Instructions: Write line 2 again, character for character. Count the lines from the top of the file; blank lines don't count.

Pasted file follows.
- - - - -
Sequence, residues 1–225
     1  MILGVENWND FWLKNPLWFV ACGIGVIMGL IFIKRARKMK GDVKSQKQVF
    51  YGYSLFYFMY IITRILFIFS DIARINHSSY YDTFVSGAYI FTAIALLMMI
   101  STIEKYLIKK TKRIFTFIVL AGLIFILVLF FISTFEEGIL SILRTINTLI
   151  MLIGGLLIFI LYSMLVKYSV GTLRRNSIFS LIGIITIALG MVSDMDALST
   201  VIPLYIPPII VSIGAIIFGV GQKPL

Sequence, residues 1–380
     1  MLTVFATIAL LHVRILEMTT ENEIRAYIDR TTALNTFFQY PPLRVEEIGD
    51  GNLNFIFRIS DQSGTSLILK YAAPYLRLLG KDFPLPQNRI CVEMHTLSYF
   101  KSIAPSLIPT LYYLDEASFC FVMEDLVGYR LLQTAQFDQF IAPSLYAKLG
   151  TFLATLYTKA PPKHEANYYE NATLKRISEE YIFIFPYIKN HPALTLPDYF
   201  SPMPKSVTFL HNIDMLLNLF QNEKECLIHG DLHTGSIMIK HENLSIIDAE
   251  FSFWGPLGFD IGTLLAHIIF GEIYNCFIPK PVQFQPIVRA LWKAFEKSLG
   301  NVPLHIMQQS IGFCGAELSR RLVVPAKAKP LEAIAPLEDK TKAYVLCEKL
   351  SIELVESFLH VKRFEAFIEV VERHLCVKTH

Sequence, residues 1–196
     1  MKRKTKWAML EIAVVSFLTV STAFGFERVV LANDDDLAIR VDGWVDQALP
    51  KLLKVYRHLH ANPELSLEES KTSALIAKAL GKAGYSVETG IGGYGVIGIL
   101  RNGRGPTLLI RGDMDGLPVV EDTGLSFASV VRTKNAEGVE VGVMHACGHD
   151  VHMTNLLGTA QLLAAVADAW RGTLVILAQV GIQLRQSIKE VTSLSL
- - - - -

     1  MILGVENWND FWLKNPLWFV ACGIGVIMGL IFIKRARKMK GDVKSQKQVF